As to the offenses of second degree rape and second degree sex offense, we disagree with defendant's contention that the State failed to prove he knew or reasonably should have known that the victim lacked the capacity to consent due to her mental disability. To obtain convictions for second degree rape and second degree sex offense, the State must prove “the person performing the act knows or should reasonably know the other person is mentally disabled, mentally incapacitated, or physically helpless.” N.C.G.S. §§ 14- 27.3(a)(2) and 14-27.5(a)(2) (2003). This Court has stated:
        A person is "mentally defective" if she "suffers from mental retardation . . . which temporarily or permanently renders [her] substantially incapable of appraising the nature of . . . her conduct, or of resisting the act of vaginal intercourse or a sexualact, or of communicating unwillingness to submit to the act of vaginal intercourse or a sexual act." Our Supreme Court has indicated that one who is "mentally defective" under the sex offense laws is "statutorily deemed incapable of consenting" to intercourse or other sexual acts.

State v. Washington
, 131 N.C. App. 156, 167, 506 S.E.2d 283, 290 (1998) (quoting N.C.G.S. § 14.27.1(1) [2003]).
    Susan Recktenwald, the Assistant Director for Exceptional Children for Special Education at Henderson County Public Schools, testified that the victim had an IQ score of 40. Recktenwald further testified that the victim was “mildly mentally retarded,” and functioned at below a fourth grade level, or like a nine year old child. The victim's father testified that “she is very limited-limited as far as being an adult.” For example, he stated that she would not perform basic hygiene, such as washing her hair, without being reminded. She had difficulty vacuuming or sweeping around the house because she had a problem focusing on tasks and was “very easily sidetracked.”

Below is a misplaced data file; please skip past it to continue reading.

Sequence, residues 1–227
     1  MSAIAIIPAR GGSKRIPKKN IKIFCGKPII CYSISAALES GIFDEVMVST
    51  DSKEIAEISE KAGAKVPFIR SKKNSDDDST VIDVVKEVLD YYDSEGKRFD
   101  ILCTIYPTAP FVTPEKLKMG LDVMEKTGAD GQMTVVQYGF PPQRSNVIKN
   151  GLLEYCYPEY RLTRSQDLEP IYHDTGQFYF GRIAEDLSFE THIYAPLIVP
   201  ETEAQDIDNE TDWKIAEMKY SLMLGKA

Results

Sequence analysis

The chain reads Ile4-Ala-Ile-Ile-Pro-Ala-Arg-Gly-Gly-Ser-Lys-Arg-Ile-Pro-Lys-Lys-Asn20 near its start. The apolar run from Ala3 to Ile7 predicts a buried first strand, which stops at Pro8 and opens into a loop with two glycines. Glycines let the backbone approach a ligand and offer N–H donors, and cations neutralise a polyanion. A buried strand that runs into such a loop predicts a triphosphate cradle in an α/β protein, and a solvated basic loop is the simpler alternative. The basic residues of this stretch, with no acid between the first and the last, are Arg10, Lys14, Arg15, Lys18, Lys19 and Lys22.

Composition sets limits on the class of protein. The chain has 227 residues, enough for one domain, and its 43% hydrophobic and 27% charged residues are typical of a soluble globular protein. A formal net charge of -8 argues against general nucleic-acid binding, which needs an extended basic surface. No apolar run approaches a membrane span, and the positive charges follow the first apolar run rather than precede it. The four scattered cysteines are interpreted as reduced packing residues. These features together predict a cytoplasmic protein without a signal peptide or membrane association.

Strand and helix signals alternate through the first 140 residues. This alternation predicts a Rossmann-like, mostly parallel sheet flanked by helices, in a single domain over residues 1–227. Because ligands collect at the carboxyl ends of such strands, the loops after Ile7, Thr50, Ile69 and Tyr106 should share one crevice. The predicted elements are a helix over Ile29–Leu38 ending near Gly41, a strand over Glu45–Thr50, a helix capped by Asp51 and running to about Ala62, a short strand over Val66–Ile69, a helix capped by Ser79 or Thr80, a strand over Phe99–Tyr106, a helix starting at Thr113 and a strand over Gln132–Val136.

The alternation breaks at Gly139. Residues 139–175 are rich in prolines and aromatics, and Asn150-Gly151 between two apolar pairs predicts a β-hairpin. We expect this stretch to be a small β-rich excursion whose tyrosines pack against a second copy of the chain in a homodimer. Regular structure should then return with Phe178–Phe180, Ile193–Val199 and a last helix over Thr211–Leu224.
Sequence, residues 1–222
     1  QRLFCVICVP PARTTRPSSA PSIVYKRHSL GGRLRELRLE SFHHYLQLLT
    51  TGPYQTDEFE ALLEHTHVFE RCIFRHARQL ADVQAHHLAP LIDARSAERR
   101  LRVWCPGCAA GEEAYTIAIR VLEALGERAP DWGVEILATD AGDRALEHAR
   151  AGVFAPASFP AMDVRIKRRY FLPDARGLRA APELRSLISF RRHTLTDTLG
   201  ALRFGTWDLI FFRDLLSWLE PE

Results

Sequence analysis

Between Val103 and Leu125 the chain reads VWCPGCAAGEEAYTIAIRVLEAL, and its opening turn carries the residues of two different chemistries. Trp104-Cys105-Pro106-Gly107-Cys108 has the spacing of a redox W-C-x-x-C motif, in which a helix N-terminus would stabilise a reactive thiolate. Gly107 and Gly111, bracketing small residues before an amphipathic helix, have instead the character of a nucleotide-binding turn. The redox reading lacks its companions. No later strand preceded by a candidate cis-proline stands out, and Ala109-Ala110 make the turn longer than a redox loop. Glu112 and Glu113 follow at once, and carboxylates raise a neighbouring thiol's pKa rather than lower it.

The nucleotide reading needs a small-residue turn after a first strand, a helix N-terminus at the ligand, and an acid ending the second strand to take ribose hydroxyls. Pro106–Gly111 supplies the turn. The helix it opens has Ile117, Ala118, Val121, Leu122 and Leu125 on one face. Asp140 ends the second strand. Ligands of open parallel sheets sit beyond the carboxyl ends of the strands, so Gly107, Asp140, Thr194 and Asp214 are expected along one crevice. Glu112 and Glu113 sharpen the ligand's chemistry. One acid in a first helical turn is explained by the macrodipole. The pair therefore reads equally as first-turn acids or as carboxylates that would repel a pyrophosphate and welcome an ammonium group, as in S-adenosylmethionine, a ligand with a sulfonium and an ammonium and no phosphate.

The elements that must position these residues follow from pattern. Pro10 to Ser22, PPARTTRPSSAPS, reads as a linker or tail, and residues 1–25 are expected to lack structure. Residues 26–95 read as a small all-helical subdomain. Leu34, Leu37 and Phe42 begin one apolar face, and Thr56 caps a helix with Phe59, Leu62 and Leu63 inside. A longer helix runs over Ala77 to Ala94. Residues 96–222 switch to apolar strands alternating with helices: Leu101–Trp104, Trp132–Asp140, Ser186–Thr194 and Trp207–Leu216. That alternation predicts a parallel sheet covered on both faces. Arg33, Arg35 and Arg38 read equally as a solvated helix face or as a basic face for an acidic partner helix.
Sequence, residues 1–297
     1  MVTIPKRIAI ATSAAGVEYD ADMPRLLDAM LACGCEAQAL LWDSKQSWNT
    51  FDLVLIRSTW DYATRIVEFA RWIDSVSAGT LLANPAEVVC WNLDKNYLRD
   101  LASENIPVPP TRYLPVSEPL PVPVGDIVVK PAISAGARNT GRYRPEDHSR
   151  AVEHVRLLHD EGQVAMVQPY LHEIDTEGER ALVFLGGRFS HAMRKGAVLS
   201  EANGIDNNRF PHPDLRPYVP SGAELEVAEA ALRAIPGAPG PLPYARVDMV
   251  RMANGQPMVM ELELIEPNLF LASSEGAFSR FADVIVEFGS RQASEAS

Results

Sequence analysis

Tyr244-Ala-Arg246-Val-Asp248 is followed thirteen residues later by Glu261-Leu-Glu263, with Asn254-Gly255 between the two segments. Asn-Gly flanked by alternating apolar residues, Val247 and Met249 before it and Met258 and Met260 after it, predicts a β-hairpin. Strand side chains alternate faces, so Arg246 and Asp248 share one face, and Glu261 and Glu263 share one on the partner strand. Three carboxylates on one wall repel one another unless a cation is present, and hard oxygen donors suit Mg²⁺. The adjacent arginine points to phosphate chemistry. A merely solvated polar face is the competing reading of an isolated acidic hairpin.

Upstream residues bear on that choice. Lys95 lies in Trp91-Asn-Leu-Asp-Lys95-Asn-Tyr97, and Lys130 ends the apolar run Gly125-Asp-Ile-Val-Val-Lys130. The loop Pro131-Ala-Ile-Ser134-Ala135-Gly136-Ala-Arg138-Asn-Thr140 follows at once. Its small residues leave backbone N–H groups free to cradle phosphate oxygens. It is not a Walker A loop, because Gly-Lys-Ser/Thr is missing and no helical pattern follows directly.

The defendant was not a stranger to the victim. He was dating her mother and lived with them for at least two months. Defendant had the opportunity to get to know the victim as more than just a casual observer. Thus, he would have discovered the victim's mental disability, and a jury could reasonably conclude that he knew, or should have known, that she lacked the capability of consenting to intercourse. Accordingly, we conclude that the trial court did not err in denying defendant's motion to dismiss.
    No Error.
    Judges McGEE and HUDSON concur.
    Report per Rule 30(e).